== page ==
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What in the World is Going on in This Sunday’s First Reading?

If you are not prepared for this Sunday’s first reading (Gen 15:5-12, 17-18), you will probably have a difficult time making sense of it. Your homilist might not discuss it, so I hope this brief explanation will be helpful. It is not a lengthy reading, so we will go all the way through it, splitting it into two parts but hopefully not slaughtering it.

The reading begins straightforward enough:

The Lord God took Abram outside and said, “Look up at the sky and count the stars, if you can. Just so,” he added, “shall your descendants be.” Abram put his faith in the LORD, who credited it to him as an act of righteousness.

He then said to him, “I am the LORD who brought you from Ur of the Chaldeans to give you this land as a possession.” “O Lord GOD,” he asked, “how am I to know that I shall possess it?”

God promised Abram (who was later renamed Abraham) countless descendants and possession of the land. Abram then asks God for assurance. The rest of the reading tells us just how God assures him.

He answered him, “Bring me a three-year-old heifer, a three-year-old she-goat, a three-year-old ram, a turtledove, and a young pigeon.” Abram brought him all these, split them in two, and placed each half opposite the other; but the birds he did not cut up. Birds of prey swooped down on the carcasses, but Abram stayed with them. As the sun was about to set, a trance fell upon Abram, and a deep, terrifying darkness enveloped him.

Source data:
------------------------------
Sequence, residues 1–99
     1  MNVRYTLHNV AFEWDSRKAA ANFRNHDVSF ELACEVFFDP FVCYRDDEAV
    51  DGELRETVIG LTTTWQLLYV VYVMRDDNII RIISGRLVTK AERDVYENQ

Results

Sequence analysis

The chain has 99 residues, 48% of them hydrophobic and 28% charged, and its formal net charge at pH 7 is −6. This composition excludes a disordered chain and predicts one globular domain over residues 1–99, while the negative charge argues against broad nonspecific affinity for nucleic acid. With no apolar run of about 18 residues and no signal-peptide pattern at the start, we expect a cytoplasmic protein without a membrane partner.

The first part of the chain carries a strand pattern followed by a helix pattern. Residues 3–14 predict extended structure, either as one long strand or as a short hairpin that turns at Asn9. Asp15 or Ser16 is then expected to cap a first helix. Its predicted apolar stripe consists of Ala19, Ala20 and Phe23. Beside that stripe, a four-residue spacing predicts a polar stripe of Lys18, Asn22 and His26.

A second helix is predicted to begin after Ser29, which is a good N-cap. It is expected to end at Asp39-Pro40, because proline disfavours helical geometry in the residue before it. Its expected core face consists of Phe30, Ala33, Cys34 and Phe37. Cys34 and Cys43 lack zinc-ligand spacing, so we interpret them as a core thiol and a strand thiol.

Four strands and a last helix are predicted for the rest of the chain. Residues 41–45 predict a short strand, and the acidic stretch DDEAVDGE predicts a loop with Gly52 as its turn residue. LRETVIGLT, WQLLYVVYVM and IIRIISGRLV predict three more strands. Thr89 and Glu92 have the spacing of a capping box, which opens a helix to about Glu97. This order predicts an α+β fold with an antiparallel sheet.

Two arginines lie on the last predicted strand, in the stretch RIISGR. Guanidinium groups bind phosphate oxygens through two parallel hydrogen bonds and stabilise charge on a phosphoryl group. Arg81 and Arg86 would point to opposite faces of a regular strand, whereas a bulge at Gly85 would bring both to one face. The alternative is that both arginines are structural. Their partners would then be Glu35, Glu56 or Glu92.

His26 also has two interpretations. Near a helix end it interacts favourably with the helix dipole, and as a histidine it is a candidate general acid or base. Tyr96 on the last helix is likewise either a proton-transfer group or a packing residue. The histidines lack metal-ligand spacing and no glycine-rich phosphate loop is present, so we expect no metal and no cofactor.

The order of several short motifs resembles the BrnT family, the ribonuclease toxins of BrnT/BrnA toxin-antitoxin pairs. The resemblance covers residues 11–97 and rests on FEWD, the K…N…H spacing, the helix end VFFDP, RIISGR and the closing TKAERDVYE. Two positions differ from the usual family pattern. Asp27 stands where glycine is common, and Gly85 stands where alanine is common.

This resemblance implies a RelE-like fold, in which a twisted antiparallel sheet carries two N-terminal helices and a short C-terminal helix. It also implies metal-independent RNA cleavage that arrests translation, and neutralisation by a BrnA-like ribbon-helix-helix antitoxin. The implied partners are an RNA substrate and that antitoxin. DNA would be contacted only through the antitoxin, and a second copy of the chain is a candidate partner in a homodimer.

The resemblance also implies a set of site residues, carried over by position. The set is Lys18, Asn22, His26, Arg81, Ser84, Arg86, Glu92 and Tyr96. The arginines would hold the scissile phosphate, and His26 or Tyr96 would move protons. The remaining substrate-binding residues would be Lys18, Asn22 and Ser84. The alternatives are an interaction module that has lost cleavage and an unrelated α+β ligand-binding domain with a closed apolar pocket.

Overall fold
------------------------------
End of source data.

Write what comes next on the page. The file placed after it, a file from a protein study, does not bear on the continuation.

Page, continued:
When the sun had set and it was dark, there appeared a smoking fire pot and a flaming torch, which passed between those pieces. It was on that occasion that the LORD made a covenant with Abram, saying: “To your descendants I give this land, from the Wadi of Egypt to the Great River, the Euphrates.”

Unless you are familiar with ancient Near East covenant ceremonies, God’s act of assurance probably seems bizarre. But Abram was familiar with such ceremonies, so it made perfect sense to him.

When two parties entered into a covenant, splitting slaughtered animals in two and walking between them was a symbol of one’s commitment to the covenant promise. It was the equivalent of saying, “Let what has happened to these animals happen to me if I do not keep my word.” 

That being the case, God had Abram select animals which Abram slaughtered and split in two. Then, appearing as “a smoking fire pot and a flaming torch,” God passed between them.

Of course, God could never be slaughtered and split in two, but that’s irrelevant. God was communicating to Abram in terms he could understand. It was an act of “divine condescension.” 

In time, God did indeed fulfill his covenant promises. Abram went on to have countless descendants, many of whom would eventually possess the Promised Land.

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